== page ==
Bayesian optimization | for global optimization of black-box functions that doesn't require derivatives. |
Bayesian optimization | Since the objective function is unknown, the Bayesian strategy is to treat it as a random function and place a prior over it. |
Bayesian optimization | The term is generally attributed to Jonas Mockus and is coined in his work from a series of publications on global optimization in the 1970s and 1980s. |
Optimization Toolbox | Portfolio optimization, cashflow matching, and other computational finance problems are solved with Optimization Toolbox. |
Stochastic optimization | Stochastic optimization (SO) methods are optimization methods that generate and use random variables. For stochastic problems, the random variables appear in the formulation of the optimization problem itself, which involve random objective functions or random constraints. Stochastic optimization methods also include methods with random iterates. Some stochastic optimization methods use random iterates to solve stochastic problems, combining both meanings of stochastic optimization. |
Bayesian inference | A decision-theoretic justification of the use of Bayesian inference was given by Abraham Wald, who proved that every unique Bayesian procedure is admissible. Conversely, every admissible statistical procedure is either a Bayesian procedure or a limit of Bayesian procedures. |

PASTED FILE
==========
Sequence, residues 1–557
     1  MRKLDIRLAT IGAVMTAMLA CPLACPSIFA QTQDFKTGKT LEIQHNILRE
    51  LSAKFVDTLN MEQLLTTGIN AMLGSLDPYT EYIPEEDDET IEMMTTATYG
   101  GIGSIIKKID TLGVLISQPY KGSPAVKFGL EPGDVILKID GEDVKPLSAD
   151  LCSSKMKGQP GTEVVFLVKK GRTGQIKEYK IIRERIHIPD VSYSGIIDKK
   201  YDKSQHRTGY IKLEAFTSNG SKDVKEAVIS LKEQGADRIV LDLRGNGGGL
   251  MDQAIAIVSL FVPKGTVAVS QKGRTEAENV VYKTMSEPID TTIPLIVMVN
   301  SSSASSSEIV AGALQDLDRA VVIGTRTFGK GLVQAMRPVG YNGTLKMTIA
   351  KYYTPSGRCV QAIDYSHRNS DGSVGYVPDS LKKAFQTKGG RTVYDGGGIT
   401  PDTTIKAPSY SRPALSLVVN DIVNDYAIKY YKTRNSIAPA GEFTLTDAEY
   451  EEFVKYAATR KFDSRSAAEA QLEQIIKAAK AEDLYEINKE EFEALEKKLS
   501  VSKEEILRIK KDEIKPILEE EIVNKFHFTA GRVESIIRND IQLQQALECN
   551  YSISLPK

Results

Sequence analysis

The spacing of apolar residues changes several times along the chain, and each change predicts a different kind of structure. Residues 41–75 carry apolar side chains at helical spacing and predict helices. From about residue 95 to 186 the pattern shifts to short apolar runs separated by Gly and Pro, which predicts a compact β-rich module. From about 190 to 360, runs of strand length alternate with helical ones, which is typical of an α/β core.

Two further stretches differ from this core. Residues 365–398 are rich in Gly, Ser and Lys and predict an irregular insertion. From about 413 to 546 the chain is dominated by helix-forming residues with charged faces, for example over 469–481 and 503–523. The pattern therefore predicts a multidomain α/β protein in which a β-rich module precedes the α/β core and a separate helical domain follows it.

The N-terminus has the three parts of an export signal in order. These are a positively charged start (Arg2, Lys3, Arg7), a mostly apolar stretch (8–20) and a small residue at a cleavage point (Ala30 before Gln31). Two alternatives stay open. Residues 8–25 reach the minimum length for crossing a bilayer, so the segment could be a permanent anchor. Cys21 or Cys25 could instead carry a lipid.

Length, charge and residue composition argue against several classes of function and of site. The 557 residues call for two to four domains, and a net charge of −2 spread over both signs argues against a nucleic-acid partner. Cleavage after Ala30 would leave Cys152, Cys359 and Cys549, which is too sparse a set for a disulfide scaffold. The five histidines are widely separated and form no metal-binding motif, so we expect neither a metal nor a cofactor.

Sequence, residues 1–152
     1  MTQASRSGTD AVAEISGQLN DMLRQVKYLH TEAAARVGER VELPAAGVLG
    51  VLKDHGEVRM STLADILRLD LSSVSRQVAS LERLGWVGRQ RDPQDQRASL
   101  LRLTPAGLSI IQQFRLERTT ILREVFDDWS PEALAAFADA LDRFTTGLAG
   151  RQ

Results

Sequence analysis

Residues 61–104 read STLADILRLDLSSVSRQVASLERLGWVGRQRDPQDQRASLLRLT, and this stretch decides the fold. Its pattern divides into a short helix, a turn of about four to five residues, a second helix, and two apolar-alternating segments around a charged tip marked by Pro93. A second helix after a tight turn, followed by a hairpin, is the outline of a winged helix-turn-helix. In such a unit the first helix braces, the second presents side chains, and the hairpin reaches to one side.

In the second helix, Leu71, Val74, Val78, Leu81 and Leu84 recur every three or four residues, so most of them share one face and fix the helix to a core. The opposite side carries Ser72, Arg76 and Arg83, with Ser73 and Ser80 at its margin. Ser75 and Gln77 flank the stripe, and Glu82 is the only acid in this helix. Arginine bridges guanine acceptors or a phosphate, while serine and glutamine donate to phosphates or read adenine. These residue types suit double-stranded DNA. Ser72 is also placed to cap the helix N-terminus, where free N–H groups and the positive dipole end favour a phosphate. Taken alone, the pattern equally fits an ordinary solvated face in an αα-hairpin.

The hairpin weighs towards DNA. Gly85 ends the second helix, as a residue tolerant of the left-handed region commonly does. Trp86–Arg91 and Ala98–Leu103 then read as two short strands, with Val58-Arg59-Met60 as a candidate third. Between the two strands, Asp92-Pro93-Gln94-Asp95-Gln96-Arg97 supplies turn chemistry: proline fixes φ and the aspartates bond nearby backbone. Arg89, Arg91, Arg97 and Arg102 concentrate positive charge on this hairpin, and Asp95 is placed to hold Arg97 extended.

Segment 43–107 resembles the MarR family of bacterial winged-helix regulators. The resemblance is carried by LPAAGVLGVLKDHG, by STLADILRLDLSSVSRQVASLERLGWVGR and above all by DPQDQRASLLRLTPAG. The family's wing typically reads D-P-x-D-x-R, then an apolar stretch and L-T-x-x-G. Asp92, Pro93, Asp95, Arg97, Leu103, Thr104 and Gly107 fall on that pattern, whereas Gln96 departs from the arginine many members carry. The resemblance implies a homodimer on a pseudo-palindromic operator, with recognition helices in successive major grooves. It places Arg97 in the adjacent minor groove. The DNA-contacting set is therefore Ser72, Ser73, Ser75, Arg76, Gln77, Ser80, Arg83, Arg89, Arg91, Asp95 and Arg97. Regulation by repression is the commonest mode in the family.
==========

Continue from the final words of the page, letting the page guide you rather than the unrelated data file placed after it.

Bayesian network | "X" is a Bayesian network with respect to "G" if, for any two nodes "u", "v": |
Bayesian | Bayesian also refers to the application of this probability theory to the functioning of the brain: |
Bayesian | Bayesian methods have been also applied to the interpretation of quantum mechanics: |
Hydrological optimization | Examples of problems solved with hydrological optimization: |
Bayesian probability | A decision-theoretic justification of the use of Bayesian inference (and hence of Bayesian probabilities) was given by Abraham Wald, who proved that every admissible statistical procedure is either a Bayesian procedure or a limit of Bayesian procedures. Conversely, every Bayesian procedure is admissible. |